Various Indian organizations and communities would sponsor the prayers for each nights. On the Final tenth day of the celebration, Vijayadashami is celebrated by Hindu Mahajana Sangam. The sangam organized the chariot procession for many years from Queen Street, Sri Mahamariamman Temple to Dhoby Ghaut in Air Itam. The festival celebration is concluded after shooting of arrows from the chariot in the evening in the Dhoby Ghaut. The chariot returns to the temple at about midnight the same day. Since the late 1970s, the organization of the chariot procession had been taken over from the sangam by the Temple committee and the Hindu Endowments Board. The chariot procession is now confined to fort Cornwallis area in the Esplanade. However, the sangam still continues to celebrate the annual Navarathiri festival’s final tenth day Vijayadashami Ubayam every year without fail.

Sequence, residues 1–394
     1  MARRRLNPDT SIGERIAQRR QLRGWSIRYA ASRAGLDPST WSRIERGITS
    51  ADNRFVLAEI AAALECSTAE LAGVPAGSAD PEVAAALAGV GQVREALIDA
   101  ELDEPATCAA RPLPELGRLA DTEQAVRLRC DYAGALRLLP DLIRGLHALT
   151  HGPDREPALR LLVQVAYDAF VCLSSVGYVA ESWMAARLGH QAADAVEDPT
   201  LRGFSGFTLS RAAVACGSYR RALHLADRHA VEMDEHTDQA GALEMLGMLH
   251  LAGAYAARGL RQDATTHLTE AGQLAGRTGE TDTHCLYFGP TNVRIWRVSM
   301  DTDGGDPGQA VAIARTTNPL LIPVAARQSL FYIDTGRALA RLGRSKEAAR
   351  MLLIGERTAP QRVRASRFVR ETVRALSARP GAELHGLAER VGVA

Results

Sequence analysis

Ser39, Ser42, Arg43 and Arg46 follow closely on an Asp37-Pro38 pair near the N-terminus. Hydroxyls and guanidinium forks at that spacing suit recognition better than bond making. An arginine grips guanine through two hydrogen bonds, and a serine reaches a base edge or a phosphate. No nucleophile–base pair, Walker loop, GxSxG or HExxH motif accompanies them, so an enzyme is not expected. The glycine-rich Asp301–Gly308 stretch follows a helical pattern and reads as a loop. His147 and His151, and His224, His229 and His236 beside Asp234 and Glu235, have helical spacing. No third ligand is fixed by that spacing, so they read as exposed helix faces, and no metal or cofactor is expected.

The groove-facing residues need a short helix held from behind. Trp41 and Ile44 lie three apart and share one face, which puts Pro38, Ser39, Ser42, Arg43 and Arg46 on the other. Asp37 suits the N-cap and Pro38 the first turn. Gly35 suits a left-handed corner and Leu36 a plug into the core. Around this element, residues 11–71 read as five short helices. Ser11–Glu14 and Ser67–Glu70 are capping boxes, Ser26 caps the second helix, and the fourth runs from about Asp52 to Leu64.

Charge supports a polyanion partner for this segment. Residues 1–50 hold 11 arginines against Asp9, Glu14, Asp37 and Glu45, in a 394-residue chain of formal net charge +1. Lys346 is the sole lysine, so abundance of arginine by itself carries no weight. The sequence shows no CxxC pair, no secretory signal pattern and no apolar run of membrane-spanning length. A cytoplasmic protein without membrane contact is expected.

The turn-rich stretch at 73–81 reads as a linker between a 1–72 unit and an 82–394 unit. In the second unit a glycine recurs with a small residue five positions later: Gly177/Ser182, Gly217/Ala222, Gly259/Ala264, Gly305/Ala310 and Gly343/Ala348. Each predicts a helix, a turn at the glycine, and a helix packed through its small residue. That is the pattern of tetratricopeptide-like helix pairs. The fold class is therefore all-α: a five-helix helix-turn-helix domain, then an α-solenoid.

Chithra Pournami (Chitraparuvam)

The Hindu Mahajana Sangam, with notable among the festivals, the annual Chitraparuvam Festival which is celebrated in the Tamil month of Chithirai (April/May) every year, is organized with a chariot procession of the panchaloka deity of Lord Subramaniyaswami from Queen Street Sri Mahamariamman Temple. It is the day of the first full moon of the first Tamil month. In early years, the festival starts with special pooja and ubayam for the Hindu Mahajana Sangam “Koota Kadai” in Queen Street Mahamariamman Temple, the chariot procession commences in the early morning 7.00 am and reached Waterfall Dewan Mahatma Gandhi (Gandhiji Ashram) in the afternoon, the deity then carried and placed in the ashram until the return journey of the chariot to Queen Street Sri Mahamariamman temple in the evening of the same day.